What is quartzite really?

What is quartzite really?

It’s stone, it’s marble, it’s… quartzite?!

Oh Quartzite, you sneaky little stone. You have managed to confuse even the savviest of natural stone enthusiasts. The internet is riddled with conflicting reports about your properties. Does it etch? Is it a hybrid between granite and marble? Is it harder than granite? What’s the deal, Quartzite?

Hold on to your hats, because we’re about to drop some geology knowledge on ya. Brace yourself: the truth is that quartzite is often mislabeled. Yep, you heard me right! Some stones that are marketed as quartzite are actually marble or dolomitic marble. And because these imposters behave differently, people get all sorts of mixed signals about the true nature of quartzite. But fear not, dear reader – once you know the truth, you’ll never be fooled by variable labeling again.

Quartzite is basically the metamorphic rock version of a glow-up.

It starts out as some measly sand grains, but over time, these grains get compressed, and boom – sandstone is born. If buried deep enough, it gets hotter and more compressed until it transforms into quartzite – a strong, beautiful rock made almost entirely of the mineral quartz. It’s like the sand grains went to a boot camp and came back as a chiseled, tough rock. And don’t even get me started on the colors. It usually rocks a white or light-colored look because of its quartz sand origins. But with some added mineral goodness from groundwater, it can turn into a green, blue, or ion-red masterpiece. But no matter the hue, one thing’s for sure: it’s all about that quartz, baby. (Note: I’m talking about the mineral quartz here, not the countertop material that steals the same name. Those are just posers.)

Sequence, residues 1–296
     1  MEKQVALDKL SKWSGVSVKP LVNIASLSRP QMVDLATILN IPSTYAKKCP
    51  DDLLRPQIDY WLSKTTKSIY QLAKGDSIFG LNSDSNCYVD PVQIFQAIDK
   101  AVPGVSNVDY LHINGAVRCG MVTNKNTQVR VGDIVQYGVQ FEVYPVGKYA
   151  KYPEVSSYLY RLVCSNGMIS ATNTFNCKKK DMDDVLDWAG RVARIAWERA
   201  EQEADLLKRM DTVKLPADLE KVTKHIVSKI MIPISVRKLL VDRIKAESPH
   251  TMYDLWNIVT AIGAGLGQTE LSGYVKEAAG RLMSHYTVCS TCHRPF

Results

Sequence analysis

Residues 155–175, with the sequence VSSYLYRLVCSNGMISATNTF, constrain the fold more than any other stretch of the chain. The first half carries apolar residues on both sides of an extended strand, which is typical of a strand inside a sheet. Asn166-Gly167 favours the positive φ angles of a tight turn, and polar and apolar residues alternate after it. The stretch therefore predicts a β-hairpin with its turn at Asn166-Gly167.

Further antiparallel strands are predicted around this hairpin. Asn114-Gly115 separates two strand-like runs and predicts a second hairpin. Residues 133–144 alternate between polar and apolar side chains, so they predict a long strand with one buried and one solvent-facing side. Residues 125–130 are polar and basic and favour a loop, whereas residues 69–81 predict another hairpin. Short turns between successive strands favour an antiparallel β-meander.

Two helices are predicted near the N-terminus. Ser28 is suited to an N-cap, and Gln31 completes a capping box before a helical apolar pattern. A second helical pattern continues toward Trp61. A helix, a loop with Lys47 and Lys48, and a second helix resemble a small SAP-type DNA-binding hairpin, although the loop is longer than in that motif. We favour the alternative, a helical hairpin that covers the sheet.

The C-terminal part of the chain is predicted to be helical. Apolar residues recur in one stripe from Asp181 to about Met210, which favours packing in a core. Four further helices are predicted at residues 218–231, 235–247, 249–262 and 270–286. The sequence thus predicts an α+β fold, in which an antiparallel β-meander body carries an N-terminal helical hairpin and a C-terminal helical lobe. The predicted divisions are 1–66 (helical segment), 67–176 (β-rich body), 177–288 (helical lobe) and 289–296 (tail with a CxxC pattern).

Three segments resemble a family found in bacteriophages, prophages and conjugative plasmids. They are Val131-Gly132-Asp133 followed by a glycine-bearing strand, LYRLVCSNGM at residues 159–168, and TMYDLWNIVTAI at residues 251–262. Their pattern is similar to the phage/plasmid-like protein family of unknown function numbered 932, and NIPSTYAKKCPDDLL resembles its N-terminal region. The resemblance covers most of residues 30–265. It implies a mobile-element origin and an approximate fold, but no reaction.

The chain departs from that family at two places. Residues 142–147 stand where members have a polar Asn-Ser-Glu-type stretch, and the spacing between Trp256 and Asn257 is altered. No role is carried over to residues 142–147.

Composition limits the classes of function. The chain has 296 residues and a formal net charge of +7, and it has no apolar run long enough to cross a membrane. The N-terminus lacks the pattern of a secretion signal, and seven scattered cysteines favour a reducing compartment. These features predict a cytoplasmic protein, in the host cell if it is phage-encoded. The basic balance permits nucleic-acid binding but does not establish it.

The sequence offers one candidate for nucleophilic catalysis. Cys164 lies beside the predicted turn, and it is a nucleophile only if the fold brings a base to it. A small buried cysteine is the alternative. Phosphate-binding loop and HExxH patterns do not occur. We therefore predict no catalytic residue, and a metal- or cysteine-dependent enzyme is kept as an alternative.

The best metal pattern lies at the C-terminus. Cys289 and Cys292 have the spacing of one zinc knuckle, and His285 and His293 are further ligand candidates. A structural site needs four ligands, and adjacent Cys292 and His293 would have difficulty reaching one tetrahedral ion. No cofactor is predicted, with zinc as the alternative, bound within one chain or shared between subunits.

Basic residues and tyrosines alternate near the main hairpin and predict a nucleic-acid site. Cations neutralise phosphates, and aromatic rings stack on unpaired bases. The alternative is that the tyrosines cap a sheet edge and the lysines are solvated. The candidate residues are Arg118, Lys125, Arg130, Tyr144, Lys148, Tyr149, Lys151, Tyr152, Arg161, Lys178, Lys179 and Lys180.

It’s super easy to spot the fakes because quartzite is hard as a rock (literally). 

With a rating of 7 on the Mohs hardness scale, it’s harder than your mom’s best lasagna recipe. Don’t fall for the silly term “soft quartzite”. There’s only one kind of quartzite and it’s as hard as it gets. So, if you come across a “soft quartzite” being sold, it’s probably just trying to be like the cool kids and is just a fancy marble wannabe. And if you thought quartzite could get all weak-kneed and etched from lemon juice or vinegar, think again! True quartzite won’t bat an eye (or whatever rocks have) when faced with acidic foes from food, juice, etc.

Feeling unsure about whether your quartzite is the real deal or an imposter? No problemo! Just shoot us a message or send some pics our way and we’ll play detective to help you crack the case. We may not have Sherlock Holmes-level skills, but rest assured, we’ll do our best to give you the 411. Or, if you’re feeling like a DIY detective, grab our Stone ID Kit – your ticket to easy peasy sleuthing.